I am nine or ten, and I am sleeping over at my friend Holly’s house. (Holly is not her real name. It shouldn’t matter, since she is dead now, but I feel the need to protect her.) I know Holly doesn’t have a dad, which isn’t too strange. This is the early eighties and divorce has become an epidemic in my upper middle class town, and it is always the dad that leaves. Actually, I have no idea if her parents are divorced, or if they ever married. Maybe her father is dead. Strange thing is, I don’t remember seeing her mother that night either.
I don’t remember arriving at her house, or what we ate for dinner but now it is really, really late, hours past my bedtime and Holly and I jump up and down on her bed, loud music is pouring from her cool robot-shaped cassette tape player and we eat candy necklaces. Lots of them. She has an endless supply and there was no one around telling us, you’ve had enough. She has so many cool electric toys, everything I ever wanted from the toys-r-us catalog is lying there on Holly’s bedroom floor.
We are doing every thing I always imagined I would do if my parents disappeared. And it is fun! We are giggling and dancing, being loud and silly and nobody is getting hurt. Well, my tummy is hurting just a little bit. I blame the jumping.
Her room feels small and cluttered and dark. I don’t remember seeing a desk. Just the bed, the toy and candy strewn floor and a closet full of more toys and lots of clothing.
I guess we slept eventually, but no one ever told us to go to bed. The next scene is in Holly’s backyard. It is daytime. A huge tree dominates the square, fenced-in space. There is a dog roaming around, its dried piles of feces litter the patchy grass. There is a man sitting at the picnic table with us and he is shoving a peanut butter and jelly sandwich into Holly’s mouth. Holly is sobbing and choking. Snot and tears and jelly smeared all over her face. The man is angry, I made you the damn sandwich and now you’re gonna eat it.
I don’t know who the man is. Her mother’s boyfriend? The concept of a ‘mother’ having a ‘boyfriend’ is too foreign for my sheltered mind. The sandwich this man made for me is disgusting. He slopped the peanut butter and jelly an inch thick over the bread. It isn’t cut up into child sized squares or triangles, I have a hard time holding it, and the excess jelly oozes over my hands as I eat it, fast, bite after terrified bite.
That memory ends there. My mother told me later that she was furious to learn Holly’s mother had left us alone with a stranger. I never went back to her house. I switched schools after that year and that was the end of our friendship.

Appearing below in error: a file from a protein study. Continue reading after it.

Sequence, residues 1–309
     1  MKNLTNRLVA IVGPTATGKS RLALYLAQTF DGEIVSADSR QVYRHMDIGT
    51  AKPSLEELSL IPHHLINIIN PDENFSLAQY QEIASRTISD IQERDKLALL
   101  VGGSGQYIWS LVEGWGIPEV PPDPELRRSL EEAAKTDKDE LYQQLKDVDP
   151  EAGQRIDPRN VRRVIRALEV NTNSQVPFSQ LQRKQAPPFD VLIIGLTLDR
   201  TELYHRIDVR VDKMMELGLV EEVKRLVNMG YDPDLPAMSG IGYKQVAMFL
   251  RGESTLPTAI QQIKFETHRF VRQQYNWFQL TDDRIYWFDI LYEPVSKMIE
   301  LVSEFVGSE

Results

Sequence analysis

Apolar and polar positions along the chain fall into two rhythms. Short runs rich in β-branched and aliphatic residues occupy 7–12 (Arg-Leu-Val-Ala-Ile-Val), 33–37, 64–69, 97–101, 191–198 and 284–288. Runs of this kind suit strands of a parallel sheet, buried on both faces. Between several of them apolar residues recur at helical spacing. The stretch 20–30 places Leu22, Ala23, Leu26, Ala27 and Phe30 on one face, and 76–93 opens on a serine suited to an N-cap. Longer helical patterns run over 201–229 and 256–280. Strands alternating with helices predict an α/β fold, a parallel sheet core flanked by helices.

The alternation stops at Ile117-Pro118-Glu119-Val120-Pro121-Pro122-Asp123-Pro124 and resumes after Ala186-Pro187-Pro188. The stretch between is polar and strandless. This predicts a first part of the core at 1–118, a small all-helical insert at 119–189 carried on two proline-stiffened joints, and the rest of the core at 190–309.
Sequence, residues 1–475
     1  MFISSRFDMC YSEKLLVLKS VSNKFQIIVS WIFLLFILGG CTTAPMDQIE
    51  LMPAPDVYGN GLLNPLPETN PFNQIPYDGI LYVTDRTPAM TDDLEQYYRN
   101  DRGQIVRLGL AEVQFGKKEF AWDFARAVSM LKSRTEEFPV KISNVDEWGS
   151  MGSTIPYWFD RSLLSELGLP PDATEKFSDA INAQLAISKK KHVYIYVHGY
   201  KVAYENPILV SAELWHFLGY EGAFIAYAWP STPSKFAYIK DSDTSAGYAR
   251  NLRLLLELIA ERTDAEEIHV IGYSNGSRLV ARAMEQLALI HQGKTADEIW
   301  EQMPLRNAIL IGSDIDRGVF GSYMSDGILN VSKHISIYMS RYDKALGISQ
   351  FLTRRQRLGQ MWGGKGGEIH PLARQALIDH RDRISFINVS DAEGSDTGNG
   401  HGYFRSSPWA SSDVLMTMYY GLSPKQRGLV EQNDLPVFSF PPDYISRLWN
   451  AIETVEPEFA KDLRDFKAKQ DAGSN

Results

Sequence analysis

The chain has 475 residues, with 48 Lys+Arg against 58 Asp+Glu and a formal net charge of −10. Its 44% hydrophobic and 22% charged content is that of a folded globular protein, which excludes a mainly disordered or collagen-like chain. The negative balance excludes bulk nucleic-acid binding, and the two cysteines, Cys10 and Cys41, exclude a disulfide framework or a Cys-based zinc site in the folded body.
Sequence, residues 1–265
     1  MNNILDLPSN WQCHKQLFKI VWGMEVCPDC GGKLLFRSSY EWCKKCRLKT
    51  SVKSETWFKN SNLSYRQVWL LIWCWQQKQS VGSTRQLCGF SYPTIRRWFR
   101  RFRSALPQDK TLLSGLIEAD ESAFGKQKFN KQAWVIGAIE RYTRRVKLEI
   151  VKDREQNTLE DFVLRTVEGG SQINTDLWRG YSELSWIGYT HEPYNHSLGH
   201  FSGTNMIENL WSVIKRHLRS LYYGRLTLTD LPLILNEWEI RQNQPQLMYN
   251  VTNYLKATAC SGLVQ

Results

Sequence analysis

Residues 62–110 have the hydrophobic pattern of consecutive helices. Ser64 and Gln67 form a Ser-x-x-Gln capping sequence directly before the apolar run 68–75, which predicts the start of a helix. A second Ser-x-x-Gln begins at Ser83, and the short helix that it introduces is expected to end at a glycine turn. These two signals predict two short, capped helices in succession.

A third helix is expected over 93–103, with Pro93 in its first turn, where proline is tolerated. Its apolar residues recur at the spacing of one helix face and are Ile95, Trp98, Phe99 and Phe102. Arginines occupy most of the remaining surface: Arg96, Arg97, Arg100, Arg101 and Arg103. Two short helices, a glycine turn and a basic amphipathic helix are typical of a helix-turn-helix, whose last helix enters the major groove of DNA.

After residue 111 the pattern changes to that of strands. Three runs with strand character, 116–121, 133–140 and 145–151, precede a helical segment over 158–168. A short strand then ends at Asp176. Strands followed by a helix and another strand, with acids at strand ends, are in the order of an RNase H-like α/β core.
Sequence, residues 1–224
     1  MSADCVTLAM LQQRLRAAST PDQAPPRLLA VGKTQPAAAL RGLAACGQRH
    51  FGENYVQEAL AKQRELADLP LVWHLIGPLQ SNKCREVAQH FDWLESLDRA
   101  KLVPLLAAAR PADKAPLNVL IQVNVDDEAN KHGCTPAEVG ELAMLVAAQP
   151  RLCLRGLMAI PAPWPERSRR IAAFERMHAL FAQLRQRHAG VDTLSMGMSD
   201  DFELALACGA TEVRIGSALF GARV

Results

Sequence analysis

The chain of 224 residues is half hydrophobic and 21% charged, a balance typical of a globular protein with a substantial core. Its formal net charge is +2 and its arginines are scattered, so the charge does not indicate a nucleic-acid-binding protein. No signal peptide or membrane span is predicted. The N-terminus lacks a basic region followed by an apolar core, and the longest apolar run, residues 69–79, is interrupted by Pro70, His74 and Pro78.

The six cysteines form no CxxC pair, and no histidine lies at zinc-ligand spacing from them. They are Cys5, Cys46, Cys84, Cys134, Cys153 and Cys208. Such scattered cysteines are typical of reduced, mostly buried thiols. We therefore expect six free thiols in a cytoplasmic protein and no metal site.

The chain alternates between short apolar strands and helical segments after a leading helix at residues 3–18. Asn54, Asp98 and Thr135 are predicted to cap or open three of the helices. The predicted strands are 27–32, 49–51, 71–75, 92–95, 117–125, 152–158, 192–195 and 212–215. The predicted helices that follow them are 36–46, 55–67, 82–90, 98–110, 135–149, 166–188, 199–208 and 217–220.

I have two more memories of Holly. The first is passing by her in the stairwell of the high school. She wore all black, a long black skirt, black blouse, black nail polish, even her eyes were circled in black. The word ‘goth’ wasn’t in my vocabulary at the time, but it fits now. Did we speak? I know she smiled at me. Her teeth were crooked, but the smile was sweet. The moment feels kind in my head. We walked completely different paths through that building, weaving among two thousand other students, and I don’t remember seeing her again.
If I stopped the story here – you might predict drug use, dropping out of school, maybe an unwanted pregnancy, and eventually death by overdose. I already hinted at an early death, no one would be surprised if the story continued on this trajectory. Unfair, true, but that is what we do. In between the bits and pieces of fact we imaginatively fill in the gaps.
I don’t know what the truth is.
My last memory is of her memorial Facebook page, a year after she died of breast cancer. I was not connected to her, but a friend of a friend wrote a note of sympathy and it popped up in my feed. People like to speak well of the recently departed, but I’ve never seen so many specific, positive memories written by so many people. She was married and had a good job; much of the grief came from her co-workers and boss. Her mother and sister do breast cancer walks in her honor. Even now, the page is still updated with variations of the phrase: I miss you.
The memory of that strange and horrible sleep-over, of a neglected and abused child, is the memory I have of her. But the evidence of other people’s memories, and the pictures of a smiling, happy woman, belie my singular experience. An individual life is a complicated, many faceted thing.
I don’t trust memory. And as I am the only person with this memory, there’s a good chance I made it up.